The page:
Book Reviews of The Devil's Cup: Coffee, the Driving Force in History

The Devil's Cup: Coffee, the Driving Force in History
The Devil's Cup Coffee the Driving Force in History
Author: Stewart Lee Allen
ISBN-13: 9781569471746
ISBN-10: 1569471746
Publication Date: 10/1999
Pages: 231
Rating:
  • Currently 2.7/5 Stars.
 3

2.7 stars, based on 3 ratings
Publisher: Soho Press
Book Type: Hardcover
Reviews: Amazon | Write a Review

3 Book Reviews submitted by our Members...sorted by voted most helpful

reviewed The Devil's Cup: Coffee, the Driving Force in History on + 5 more book reviews
Helpful Score: 1
Part travelogue, part philosophical musing about coffee and its effect on society.
reviewed The Devil's Cup: Coffee, the Driving Force in History on + 14 more book reviews
Helpful Score: 1
Follows the author on his quest to discover the roots and influences of coffee on civilization. Found the author's often dangerous travails into communities wrought with civil war and dangerous occupations all on a quest for a single cup of coffee to continue his "research" to be, not exciting, as I'm sure he feels it is-- but simply cocky and needlessly reckless. The author, after all, comes across not as a writer utterly devoted to the exploration of his subject, but a hapless thrill-seeker who flaunts his repeated attempts to endanger himself. The writing is mediocre, at best, and the history of "coffee" as he presents is not truly organized in a logical or linear fashion and is based instead around the authors timetable and travels. Consequently, the "history" must be weeded out from the self-serving auto-biographical horn-tooting he is doing through most of it. If you are looking for a good historically documented work in this book, I'd look elsewhere.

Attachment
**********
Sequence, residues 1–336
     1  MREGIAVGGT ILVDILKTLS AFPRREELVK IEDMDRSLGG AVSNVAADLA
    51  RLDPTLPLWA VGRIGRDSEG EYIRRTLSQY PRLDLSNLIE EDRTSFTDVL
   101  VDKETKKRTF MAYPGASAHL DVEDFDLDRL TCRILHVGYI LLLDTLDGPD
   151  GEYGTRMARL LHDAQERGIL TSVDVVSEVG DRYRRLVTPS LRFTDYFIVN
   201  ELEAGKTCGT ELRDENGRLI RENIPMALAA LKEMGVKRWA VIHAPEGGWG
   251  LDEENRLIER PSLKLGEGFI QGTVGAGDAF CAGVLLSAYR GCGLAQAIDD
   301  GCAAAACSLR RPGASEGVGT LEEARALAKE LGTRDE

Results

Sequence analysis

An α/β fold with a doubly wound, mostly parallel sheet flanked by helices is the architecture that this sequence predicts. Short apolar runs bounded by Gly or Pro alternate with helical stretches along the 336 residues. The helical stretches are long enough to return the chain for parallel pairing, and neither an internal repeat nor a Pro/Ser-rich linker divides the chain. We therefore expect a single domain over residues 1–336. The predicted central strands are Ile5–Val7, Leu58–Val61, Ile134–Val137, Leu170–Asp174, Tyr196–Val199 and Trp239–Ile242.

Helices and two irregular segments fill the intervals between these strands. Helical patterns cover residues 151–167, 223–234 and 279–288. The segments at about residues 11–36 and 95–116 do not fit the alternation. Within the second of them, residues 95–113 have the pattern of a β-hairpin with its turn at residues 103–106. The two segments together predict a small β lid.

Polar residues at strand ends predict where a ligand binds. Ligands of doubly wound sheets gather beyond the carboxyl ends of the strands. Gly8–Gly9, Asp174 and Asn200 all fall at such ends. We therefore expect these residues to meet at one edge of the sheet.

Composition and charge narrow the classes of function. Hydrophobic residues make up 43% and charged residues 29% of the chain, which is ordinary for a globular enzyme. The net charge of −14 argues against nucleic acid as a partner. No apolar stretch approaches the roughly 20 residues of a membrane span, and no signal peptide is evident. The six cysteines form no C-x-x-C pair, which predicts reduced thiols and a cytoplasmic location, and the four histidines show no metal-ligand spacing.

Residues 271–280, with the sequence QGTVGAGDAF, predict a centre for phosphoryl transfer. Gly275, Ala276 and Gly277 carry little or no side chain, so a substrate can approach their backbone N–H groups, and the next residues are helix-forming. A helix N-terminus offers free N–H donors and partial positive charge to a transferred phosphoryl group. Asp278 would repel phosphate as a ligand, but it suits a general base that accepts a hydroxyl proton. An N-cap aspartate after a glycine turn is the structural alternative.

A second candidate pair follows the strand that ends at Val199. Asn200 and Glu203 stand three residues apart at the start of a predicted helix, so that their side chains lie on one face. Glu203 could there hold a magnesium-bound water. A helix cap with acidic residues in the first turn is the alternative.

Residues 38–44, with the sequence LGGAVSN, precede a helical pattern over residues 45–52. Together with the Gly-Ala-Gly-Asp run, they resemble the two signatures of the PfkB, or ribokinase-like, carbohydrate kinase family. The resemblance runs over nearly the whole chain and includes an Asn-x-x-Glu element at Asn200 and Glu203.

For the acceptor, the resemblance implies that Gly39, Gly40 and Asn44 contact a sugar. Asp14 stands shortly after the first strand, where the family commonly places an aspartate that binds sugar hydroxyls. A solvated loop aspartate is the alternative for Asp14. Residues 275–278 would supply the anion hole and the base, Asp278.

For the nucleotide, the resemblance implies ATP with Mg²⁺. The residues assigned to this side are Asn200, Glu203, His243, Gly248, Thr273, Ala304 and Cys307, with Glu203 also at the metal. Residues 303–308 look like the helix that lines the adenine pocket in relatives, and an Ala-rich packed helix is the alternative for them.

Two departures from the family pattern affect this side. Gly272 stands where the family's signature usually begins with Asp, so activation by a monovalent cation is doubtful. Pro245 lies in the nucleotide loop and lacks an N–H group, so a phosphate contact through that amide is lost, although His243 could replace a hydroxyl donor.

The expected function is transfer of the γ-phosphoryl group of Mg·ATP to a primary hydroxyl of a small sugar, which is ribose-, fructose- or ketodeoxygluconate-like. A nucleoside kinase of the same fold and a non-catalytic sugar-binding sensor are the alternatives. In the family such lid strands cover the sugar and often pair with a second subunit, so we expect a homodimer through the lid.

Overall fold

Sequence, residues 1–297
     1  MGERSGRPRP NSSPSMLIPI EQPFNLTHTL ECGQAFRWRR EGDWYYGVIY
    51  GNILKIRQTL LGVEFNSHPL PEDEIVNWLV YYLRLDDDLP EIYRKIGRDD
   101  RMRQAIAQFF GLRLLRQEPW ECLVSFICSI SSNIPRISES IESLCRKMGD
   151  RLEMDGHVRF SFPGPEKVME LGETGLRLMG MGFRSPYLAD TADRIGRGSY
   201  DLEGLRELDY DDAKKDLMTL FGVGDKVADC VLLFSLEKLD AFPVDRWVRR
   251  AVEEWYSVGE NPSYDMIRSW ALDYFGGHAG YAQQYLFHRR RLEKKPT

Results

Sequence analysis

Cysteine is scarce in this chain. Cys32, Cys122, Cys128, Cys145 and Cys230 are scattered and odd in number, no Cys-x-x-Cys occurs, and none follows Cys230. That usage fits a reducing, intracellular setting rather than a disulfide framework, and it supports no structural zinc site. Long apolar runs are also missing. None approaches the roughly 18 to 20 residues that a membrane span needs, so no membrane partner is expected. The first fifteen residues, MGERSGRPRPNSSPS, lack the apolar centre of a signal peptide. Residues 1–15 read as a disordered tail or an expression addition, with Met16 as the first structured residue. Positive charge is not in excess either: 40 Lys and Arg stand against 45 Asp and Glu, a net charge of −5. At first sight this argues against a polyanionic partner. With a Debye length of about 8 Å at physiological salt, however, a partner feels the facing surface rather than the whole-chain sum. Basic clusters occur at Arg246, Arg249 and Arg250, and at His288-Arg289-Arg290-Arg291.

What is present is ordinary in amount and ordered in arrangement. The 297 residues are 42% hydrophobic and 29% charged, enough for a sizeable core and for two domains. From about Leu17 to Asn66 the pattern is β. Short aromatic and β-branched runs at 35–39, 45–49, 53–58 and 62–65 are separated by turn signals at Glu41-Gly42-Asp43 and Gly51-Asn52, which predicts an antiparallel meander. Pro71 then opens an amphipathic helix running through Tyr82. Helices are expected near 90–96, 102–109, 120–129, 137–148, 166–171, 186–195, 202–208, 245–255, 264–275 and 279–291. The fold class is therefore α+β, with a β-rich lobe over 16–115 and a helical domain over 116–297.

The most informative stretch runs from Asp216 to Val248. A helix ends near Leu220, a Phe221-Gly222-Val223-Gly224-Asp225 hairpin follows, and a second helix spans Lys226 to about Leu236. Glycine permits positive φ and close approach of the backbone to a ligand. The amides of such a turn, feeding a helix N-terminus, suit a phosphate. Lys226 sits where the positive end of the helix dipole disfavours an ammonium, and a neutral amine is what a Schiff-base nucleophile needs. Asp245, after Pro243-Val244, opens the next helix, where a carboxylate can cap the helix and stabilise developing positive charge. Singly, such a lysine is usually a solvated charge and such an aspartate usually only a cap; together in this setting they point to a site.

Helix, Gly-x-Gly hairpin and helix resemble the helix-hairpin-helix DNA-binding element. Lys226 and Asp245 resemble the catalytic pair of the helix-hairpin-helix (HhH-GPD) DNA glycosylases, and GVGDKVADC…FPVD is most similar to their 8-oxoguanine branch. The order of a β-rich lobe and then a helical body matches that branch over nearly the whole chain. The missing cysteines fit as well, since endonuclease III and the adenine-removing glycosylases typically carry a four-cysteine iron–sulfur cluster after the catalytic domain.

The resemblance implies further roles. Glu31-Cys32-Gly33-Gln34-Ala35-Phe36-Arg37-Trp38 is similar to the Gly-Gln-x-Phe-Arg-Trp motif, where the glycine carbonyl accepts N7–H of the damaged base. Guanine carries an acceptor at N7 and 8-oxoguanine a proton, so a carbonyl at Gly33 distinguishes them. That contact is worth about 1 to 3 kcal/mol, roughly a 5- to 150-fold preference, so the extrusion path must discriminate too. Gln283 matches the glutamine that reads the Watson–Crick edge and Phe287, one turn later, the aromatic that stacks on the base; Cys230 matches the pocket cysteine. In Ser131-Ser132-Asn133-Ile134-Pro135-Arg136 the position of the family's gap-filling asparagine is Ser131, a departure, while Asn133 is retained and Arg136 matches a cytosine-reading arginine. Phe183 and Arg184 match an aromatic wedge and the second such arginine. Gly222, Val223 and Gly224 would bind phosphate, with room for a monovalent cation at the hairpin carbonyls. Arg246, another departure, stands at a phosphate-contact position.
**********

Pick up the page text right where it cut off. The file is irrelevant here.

reviewed The Devil's Cup: Coffee, the Driving Force in History on + 297 more book reviews
Helpful Score: 1
Overall a very interesting story of someone following the path that coffee might have taken to get to modern society, full of lots of tidbits of history and trivia. The writing is a bit uneven and the author is not particularly likeable, but that can get him into some interesting scrapes in parts of the world that not too many people would dare go visit. (Does that make him brave or just stupid? I'm not really sure, but it makes for good reading.)